Thursday, 7 June 2012

Deus Ex vs DX: Human Revolution


Back in 2000, ‘Deus Ex’ was one of the most revolutionary games, managing to add its own influence into the gaming world and to successfully fuse the RPG and FPS genres together in a single game. A few years later a sequel came out, ‘Invisible War’, which received very mixed reactions from critics and fans alike, and then for a long time the franchise was pretty much over… or so it seemed. There had been rumours of the 3rd instalment for a long while, and then finally in 2011 ‘Deus Ex: Human Revolution’ came out. Many consider it to be a much more successful addition to the series than ‘Invisible War’.

In this list I’ve decided to make a detailed comparison of the original ‘Deus Ex’ to the ‘Human Revolution’, tackling numerous aspects of the gaming experience. Has ‘Human Revolution’ managed to surpass the original, live up to it, or is it not even worthy of a rival? Well, let us find out.

***WARNING! SOME SPOILERS AHEAD!***



1)      The Story

The first aspect I’ll tackle here is the story. A great story is pretty much one of the defining characteristics of the Deus Ex franchise. In my opinion both games managed to show a very accurate and at the same time intriguing view on a possible future, about greed and conspiracy, power and corruption.

 There were lots of nice twists and turns in both games, and although Human Revolution did great, I think the original Deus Ex’s story is almost unbeatable. Things such as completely changing sides undoubtedly had a strong emotional impact on many gamers out there. JC was pretty much thrust right into the thick of it. The choices he had to make, being torn between following his brother and quietly following orders without questions was a powerful emotional dilemma. And even after the choice was made, things were never the same. Revisiting UNATCO for example after the escape from MJ12 base, it was so different. You knew you wouldn’t be coming back there again. Some of those people you were working with you’d see for the last time ever. You would be forced to move on, make new allies.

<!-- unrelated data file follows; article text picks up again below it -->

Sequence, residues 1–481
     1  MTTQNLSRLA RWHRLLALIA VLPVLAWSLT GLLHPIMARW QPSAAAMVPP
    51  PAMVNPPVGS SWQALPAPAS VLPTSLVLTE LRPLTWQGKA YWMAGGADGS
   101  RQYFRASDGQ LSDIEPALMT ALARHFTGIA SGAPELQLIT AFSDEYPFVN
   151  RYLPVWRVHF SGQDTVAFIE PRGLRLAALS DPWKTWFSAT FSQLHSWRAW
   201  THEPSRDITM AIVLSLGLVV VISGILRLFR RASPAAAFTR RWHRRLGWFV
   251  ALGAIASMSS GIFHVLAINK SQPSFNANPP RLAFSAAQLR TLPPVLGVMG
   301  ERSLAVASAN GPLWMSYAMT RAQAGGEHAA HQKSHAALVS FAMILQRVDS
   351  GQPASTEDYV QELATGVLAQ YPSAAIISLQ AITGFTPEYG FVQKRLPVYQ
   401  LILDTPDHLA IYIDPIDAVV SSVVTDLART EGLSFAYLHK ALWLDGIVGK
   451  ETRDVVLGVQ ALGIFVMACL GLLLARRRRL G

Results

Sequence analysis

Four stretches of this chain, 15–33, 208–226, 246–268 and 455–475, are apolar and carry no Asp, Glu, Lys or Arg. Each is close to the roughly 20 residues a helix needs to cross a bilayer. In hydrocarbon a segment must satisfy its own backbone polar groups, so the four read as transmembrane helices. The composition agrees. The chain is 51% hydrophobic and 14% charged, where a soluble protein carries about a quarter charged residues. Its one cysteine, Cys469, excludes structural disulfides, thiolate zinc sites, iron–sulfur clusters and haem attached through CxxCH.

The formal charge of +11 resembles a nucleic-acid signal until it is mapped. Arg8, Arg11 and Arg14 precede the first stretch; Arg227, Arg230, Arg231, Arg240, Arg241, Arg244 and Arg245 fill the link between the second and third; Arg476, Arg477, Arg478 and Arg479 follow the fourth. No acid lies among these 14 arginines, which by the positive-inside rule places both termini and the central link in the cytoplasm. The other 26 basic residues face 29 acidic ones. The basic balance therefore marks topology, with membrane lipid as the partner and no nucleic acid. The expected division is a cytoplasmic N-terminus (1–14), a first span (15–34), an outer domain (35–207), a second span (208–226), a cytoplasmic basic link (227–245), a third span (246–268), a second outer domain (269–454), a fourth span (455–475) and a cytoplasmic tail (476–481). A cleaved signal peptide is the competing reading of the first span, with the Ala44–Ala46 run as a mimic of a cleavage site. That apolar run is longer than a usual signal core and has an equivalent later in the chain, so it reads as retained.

Human Revolution had its own emotional moments as well, especially when finding out the truth towards latter parts of the game, but I didn’t quite think those emotions were as powerful and acute as what I felt when I played the original for the first time.

Deus Ex +1

Total so far:
Deus Ex (1) : Human Revolution (0)



2)      The Atmosphere

The atmosphere is affected by several aspects, such as the visuals, the soundtrack, good dialogue, intelligent enemies, and so on. However, I thought I’d make it as a separate category just to see how both games did in general in regard to how intense and immersive they’ve been. Needless to say, both Deus Ex and Human Revolution can certainly boast with their intense atmosphere. When I play either of those games, I feel like I am in there, in the game’s world, getting into the role, experiencing the events unfold, and making the decisions on behalf of the leading characters. Since both games have vastly succeeded in this, I’d have to say that in terms of atmosphere it’s a tie.

Deus Ex +1
Human Revolution +1

Total so far:
Deus Ex (2) : Human Revolution (1)



3)      Visuals

First thing to note is that the games are more than 10 years apart. Human Revolution obviously has way better and more realistic graphics. The characters look more lifelike, the environments have more detail, the cinematics are stunning, and so on. However, there is one trump card that the original can pull out. It has way better looking visual aesthetics. The environments and locations are all full of colours and nice colour contrasts, whereas Human Revolution is mostly limited to golden, brown, and black. Of course HR’s style makes it atmospheric, but then the original managed to be atmospheric too but without this sacrifice of the aesthetics. For that reason, in terms of visuals, I pick the original as the winner.